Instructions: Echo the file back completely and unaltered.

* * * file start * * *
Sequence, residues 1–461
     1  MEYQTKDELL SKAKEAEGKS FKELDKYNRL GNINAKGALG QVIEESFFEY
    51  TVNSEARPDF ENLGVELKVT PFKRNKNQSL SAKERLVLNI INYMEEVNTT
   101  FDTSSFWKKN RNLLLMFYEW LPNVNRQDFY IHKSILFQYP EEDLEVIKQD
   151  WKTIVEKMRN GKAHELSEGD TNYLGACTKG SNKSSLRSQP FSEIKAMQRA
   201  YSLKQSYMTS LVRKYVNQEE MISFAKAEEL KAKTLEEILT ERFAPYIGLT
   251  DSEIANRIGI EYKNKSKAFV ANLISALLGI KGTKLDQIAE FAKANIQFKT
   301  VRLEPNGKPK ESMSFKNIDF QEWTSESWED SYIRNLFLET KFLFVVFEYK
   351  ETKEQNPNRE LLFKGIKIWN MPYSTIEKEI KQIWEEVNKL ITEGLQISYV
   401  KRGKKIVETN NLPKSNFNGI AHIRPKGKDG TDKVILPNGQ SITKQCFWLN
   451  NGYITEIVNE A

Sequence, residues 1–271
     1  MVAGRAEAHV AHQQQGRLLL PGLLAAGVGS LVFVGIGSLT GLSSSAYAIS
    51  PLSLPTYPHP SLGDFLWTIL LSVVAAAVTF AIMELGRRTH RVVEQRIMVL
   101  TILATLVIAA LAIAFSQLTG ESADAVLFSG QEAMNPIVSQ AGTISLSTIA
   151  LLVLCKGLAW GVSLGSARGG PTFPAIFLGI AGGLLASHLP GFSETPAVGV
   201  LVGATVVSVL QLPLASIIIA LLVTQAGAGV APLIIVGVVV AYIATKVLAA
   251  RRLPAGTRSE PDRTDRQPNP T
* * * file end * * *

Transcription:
Sequence, residues 1–461
     1  MEYQTKDELL SKAKEAEGKS FKELDKYNRL GNINAKGALG QVIEESFFEY
    51  TVNSEARPDF ENLGVELKVT PFKRNKNQSL SAKERLVLNI INYMEEVNTT
   101  FDTSSFWKKN RNLLLMFYEW LPNVNRQDFY IHKSILFQYP EEDLEVIKQD
   151  WKTIVEKMRN GKAHELSEGD TNYLGACTKG SNKSSLRSQP FSEIKAMQRA
   201  YSLKQSYMTS LVRKYVNQEE MISFAKAEEL KAKTLEEILT ERFAPYIGLT
   251  DSEIANRIGI EYKNKSKAFV ANLISALLGI KGTKLDQIAE FAKANIQFKT
   301  VRLEPNGKPK ESMSFKNIDF QEWTSESWED SYIRNLFLET KFLFVVFEYK
   351  ETKEQNPNRE LLFKGIKIWN MPYSTIEKEI KQIWEEVNKL ITEGLQISYV
   401  KRGKKIVETN NLPKSNFNGI AHIRPKGKDG TDKVILPNGQ SITKQCFWLN
   451  NGYITEIVNE A

Sequence, residues 1–271
     1  MVAGRAEAHV AHQQQGRLLL PGLLAAGVGS LVFVGIGSLT GLSSSAYAIS
    51  PLSLPTYPHP SLGDFLWTIL LSVVAAAVTF AIMELGRRTH RVVEQRIMVL
   101  TILATLVIAA LAIAFSQLTG ESADAVLFSG QEAMNPIVSQ AGTISLSTIA
   151  LLVLCKGLAW GVSLGSARGG PTFPAIFLGI AGGLLASHLP GFSETPAVGV
   201  LVGATVVSVL QLPLASIIIA LLVTQAGAGV APLIIVGVVV AYIATKVLAA
   251  RRLPAGTRSE PDRTDRQPNP T